Another common dietary headache trigger is tyramine. Tyramine is a phenolic amine found in various foods and beverages. The following list depicts tyramine sources that should be avoided.
Cheeses: All aged and mature cheeses, since it is impossible to know the exact tyramine content, all cheeses should be avoided. Including but not limited to cheddar, swiss, blue cheese, mozzarella, parmesan, romano, cheese spreads, cheese casseroles or any foods made with cheese.
Yeast, Brewers and Extracts: This group includes brewers yeast, extracts such as marmite, and fresh homemade yeast leavened breads; yeast found in prepared foods, soups, can foods, frozen foods, should be checked for the addition of yeast abstracts and should be avoided.
Meats/Fish: Pork, and all smoked, aged, picked, fermented, or marinated meats must be avoided. Including but not limited to picked fish, picked herring, meat extracts, livers, dry sausages or prepared meats, such as salami, bologna, pepperoni, frankfurters, bacon, bologna, liverwurst and ham.
Also avoid: chocolate, overripe bananas, citrus fruits (oranges and grapefruit), sauerkraut, broad fava beans, Italian beans, tofu, soy sauce, and miso soup.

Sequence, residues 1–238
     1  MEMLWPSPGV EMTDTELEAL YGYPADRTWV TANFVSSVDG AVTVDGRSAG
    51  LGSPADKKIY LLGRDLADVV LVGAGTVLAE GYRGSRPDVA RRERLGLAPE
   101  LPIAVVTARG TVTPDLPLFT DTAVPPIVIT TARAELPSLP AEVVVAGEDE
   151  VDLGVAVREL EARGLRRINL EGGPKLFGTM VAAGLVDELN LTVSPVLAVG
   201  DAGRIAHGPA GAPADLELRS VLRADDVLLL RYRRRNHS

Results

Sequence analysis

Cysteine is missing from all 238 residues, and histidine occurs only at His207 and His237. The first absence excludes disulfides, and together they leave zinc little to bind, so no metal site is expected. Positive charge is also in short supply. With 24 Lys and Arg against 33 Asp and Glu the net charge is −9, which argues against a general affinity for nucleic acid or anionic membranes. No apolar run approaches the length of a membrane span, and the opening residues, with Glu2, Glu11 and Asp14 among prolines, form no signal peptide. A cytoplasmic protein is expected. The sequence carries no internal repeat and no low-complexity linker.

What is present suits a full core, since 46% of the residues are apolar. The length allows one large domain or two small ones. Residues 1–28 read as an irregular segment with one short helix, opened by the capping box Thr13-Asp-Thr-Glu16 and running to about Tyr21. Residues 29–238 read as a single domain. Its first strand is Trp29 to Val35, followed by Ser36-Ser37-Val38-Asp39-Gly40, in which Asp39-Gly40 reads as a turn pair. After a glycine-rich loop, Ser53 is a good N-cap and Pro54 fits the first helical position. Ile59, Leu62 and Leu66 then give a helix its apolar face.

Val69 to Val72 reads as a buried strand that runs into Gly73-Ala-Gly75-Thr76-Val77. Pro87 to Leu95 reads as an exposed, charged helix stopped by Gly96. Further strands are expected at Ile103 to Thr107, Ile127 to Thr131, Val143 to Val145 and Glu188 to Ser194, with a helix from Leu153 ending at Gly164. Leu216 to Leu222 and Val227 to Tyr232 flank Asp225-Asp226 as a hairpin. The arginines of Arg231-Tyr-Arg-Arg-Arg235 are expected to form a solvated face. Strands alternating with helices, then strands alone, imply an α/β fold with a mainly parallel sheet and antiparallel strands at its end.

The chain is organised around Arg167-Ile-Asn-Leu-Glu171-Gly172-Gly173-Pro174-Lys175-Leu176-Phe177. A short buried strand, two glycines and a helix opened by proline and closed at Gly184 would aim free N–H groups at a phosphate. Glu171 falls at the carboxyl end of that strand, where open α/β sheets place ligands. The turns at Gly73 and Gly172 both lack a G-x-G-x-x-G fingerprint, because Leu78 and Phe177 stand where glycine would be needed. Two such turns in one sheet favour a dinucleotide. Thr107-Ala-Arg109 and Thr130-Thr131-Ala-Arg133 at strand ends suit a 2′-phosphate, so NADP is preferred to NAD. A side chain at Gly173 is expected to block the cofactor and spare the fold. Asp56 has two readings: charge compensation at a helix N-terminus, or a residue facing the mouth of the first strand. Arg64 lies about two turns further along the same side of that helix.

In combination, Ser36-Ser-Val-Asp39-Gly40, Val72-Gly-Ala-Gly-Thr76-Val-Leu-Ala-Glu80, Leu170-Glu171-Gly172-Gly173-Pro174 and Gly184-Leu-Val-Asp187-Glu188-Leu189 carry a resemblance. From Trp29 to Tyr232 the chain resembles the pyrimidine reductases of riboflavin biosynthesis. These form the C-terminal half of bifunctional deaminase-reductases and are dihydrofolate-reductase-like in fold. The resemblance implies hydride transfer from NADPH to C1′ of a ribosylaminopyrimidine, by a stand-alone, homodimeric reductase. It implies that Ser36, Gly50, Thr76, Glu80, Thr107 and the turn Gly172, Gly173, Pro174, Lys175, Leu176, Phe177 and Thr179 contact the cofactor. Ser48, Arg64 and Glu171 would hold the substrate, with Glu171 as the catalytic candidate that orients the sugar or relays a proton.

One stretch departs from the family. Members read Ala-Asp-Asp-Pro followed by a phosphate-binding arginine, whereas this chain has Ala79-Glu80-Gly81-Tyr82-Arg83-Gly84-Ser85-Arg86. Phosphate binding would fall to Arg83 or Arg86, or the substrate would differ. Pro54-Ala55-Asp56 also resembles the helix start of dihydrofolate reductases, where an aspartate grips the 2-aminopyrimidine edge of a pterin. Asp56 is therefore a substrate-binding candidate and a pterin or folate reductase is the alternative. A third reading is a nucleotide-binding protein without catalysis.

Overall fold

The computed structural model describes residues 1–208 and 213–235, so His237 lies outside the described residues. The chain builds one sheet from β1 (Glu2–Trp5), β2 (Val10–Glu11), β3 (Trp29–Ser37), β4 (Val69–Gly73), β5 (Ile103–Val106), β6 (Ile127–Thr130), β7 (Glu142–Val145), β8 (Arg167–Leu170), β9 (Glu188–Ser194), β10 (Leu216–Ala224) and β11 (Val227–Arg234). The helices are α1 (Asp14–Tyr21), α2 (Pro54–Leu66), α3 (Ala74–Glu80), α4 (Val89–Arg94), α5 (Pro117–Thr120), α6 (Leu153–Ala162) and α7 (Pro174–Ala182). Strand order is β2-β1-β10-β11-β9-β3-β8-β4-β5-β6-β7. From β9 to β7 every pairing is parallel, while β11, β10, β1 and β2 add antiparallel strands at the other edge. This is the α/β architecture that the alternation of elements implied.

Beverages: No coffee, tea, cocoa, beer, Ales, domestic and imported, Wines, especially Chianti vermouth, Whiskey and liqueurs, such as Drambuie and Chartreuse. Nonalcoholic varieties of beers and wines should also be avoided.
Supplements to avoid: yeast vitamin supplements, L-tyrosine, NADH
The ubiquitous flavor enhancer MSG must be avoided. Monosodium Glutamate is directly associated with the onset of headaches in many people. According to George Schwartz, M.D., MSG is found in many common grocery items, and is usually hidden in the ingredient label. The following listing should help you avoid MSG and illustrate the fact that this substance is not only found in Chinese food.
Definite Sources of MSG: hydrolyzed protein, sodium caseinate or calcium caseinate, autolyzed yeast or yeast extract, gelatin.
Possible sources of MSG: textured protein, carrageenan, vegetable gum seasonings, spices, flavorings, natural flavorings, flavorings of chicken, beef or pork, smoke flavorings, bouillon, broth or stock, barley malt, malt extract, malt flavoring, whey protein, whey protein isolate, soy protein isolate or concentrate, soy sauce or extract.